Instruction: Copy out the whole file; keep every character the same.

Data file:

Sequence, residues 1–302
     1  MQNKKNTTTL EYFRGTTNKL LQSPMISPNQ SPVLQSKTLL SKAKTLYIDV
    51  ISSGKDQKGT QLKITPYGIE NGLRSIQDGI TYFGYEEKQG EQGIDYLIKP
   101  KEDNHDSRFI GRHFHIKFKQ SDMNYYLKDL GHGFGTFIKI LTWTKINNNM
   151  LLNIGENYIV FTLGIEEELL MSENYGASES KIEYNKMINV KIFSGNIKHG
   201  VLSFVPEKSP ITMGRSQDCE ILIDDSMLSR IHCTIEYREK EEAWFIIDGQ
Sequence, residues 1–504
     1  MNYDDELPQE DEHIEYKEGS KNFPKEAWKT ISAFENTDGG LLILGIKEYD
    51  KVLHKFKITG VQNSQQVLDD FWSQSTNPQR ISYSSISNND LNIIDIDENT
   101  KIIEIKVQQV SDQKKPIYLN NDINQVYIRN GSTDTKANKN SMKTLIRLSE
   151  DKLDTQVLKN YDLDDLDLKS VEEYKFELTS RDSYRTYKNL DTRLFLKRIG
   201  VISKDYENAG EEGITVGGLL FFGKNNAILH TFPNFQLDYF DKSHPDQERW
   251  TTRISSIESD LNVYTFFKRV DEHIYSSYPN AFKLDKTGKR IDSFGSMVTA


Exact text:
Sequence, residues 1–302
     1  MQNKKNTTTL EYFRGTTNKL LQSPMISPNQ SPVLQSKTLL SKAKTLYIDV
    51  ISSGKDQKGT QLKITPYGIE NGLRSIQDGI TYFGYEEKQG EQGIDYLIKP
   101  KEDNHDSRFI GRHFHIKFKQ SDMNYYLKDL GHGFGTFIKI LTWTKINNNM
   151  LLNIGENYIV FTLGIEEELL MSENYGASES KIEYNKMINV KIFSGNIKHG
   201  VLSFVPEKSP ITMGRSQDCE ILIDDSMLSR IHCTIEYREK EEAWFIIDGQ
Sequence, residues 1–504
     1  MNYDDELPQE DEHIEYKEGS KNFPKEAWKT ISAFENTDGG LLILGIKEYD
    51  KVLHKFKITG VQNSQQVLDD FWSQSTNPQR ISYSSISNND LNIIDIDENT
   101  KIIEIKVQQV SDQKKPIYLN NDINQVYIRN GSTDTKANKN SMKTLIRLSE
   151  DKLDTQVLKN YDLDDLDLKS VEEYKFELTS RDSYRTYKNL DTRLFLKRIG
   201  VISKDYENAG EEGITVGGLL FFGKNNAILH TFPNFQLDYF DKSHPDQERW
   251  TTRISSIESD LNVYTFFKRV DEHIYSSYPN AFKLDKTGKR IDSFGSMVTA